The Dutch national railways company will for the first time pay individual compensation to relatives of Jews deported to German death camps during World War II, the country’s rail provider announced.
The announcement comes after talks between National Rail (NS) top director Roger van Boxtel and former Ajax football club physiotherapist Salo Muller, who lost both his parents during the war.
Muller has been fighting since mid-2017 for individual compensation from the NS, who transported his parents by train from Amsterdam to the notorious Westerbork transit camp in northeast Netherlands. From there they were sent to their deaths at the Auschwitz extermination camp in Poland.
“We have decided together to… appoint a commission,” the NS said in a statement. “This commission is tasked to look at how the NS, for moral reasons can pay individual compensation,” it said.
As with many other Dutch companies, the NS continued in the service of Nazi occupiers after Germany overran the lowlands country in May 1940.
The company earned millions of euros in today’s terms to transport Jewish families to Westerbork, the NOS national newscaster reported.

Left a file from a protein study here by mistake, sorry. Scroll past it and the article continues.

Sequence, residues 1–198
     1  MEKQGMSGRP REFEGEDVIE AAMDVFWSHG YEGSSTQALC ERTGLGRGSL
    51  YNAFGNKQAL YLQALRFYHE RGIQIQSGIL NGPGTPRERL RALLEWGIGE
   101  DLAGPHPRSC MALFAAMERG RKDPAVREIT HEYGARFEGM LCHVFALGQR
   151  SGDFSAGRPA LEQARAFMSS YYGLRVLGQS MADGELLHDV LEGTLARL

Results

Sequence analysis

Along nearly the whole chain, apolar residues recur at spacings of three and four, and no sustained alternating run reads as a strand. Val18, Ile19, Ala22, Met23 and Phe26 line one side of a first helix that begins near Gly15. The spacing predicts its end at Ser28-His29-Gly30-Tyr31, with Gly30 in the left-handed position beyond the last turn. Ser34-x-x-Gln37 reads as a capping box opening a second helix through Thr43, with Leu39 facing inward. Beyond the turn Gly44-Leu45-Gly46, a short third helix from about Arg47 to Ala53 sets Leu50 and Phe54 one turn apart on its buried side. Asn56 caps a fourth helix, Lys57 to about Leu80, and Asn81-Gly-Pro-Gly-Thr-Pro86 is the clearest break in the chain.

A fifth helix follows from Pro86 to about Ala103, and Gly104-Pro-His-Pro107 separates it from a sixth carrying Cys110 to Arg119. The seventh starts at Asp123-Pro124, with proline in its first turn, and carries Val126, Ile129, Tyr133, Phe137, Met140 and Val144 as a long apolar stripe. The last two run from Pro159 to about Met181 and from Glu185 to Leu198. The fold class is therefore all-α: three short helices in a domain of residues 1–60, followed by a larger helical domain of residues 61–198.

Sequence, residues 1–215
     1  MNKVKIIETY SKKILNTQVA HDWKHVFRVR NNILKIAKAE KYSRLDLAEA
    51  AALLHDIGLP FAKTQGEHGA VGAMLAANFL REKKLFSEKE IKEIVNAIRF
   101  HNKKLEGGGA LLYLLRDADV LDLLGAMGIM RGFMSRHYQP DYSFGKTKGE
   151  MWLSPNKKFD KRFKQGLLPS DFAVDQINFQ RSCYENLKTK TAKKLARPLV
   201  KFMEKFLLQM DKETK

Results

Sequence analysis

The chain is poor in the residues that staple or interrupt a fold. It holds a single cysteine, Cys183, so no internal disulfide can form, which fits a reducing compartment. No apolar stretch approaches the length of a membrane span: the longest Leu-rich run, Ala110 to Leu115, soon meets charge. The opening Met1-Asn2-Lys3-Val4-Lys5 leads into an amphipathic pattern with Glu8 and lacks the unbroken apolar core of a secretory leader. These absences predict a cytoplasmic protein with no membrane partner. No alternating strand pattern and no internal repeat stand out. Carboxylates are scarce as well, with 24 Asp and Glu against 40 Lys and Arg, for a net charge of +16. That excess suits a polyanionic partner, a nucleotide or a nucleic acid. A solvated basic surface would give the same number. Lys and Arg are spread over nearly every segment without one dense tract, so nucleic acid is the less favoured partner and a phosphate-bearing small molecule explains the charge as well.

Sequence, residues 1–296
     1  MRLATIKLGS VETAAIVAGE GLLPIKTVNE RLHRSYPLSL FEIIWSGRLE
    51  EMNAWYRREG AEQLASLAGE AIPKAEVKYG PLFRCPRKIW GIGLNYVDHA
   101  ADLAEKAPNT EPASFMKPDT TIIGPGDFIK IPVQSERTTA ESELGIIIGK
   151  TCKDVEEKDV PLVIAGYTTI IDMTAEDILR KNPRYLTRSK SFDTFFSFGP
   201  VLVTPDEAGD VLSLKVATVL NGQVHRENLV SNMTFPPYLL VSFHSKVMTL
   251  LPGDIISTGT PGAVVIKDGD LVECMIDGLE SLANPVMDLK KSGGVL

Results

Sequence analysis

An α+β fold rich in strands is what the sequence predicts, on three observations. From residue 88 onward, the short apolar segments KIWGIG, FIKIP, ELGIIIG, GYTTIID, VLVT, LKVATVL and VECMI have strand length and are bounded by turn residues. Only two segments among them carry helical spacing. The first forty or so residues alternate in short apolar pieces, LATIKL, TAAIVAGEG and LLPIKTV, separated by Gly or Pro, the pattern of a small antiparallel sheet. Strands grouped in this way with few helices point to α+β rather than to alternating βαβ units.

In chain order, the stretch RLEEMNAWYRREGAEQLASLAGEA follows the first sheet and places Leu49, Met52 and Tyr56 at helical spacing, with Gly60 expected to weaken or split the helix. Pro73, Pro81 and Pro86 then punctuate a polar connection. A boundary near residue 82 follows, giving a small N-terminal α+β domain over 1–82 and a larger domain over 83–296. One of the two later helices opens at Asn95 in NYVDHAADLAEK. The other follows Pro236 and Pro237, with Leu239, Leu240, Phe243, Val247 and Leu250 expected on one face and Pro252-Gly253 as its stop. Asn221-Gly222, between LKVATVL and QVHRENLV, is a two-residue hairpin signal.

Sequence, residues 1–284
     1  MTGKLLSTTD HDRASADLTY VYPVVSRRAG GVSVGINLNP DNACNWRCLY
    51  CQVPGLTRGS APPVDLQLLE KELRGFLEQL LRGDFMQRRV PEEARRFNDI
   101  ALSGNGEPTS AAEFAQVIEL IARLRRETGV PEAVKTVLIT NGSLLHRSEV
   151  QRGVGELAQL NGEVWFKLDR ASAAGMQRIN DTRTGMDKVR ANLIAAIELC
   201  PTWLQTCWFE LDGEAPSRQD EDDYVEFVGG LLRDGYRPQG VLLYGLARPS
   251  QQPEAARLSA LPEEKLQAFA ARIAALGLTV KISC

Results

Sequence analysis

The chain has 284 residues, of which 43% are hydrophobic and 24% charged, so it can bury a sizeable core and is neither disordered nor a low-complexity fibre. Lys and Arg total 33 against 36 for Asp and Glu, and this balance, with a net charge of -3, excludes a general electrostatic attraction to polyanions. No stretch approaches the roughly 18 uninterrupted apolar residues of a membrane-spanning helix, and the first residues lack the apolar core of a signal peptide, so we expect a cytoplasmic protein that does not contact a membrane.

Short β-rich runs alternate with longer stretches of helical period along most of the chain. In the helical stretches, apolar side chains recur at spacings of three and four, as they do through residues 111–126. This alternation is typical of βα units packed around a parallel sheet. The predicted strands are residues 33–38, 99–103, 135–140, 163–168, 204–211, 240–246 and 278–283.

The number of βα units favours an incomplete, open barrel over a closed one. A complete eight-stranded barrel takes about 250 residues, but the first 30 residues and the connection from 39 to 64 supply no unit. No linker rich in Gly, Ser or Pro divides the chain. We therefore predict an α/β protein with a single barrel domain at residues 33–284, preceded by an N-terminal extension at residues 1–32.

This included teenage diarist Anne Frank in August 8, 1944, after she and other members of her group were betrayed and arrested by the Gestapo.
At Westerbork, in the northeast Drente province some 107,000 of the Netherlands’ 140,000-strong Jewish population were eventually interred before being sent to death camps like Auschwitz, Sobibor and Bergen-Belsen in the east.
“The NS adhered to a German command to make trains available. The Germans paid for this and the NS had to make sure that the trains ran on time,” Dirk Mulder of the Centre for Memory at Westerbork told the NOS.
The NS in 2005 officially apologized for its role in the Second World War, but no individual compensation has been paid until now.
The NS has been actively involved in projects, including a one-million-euro donation to help rebuild Westerbork, the NOS said.
“The NS during World War II operated trains commanded by the occupier,” the rail operator said.
“It was a black page in our country’s history and also for our own company. It’s a past which we cannot ignore,” the NS said.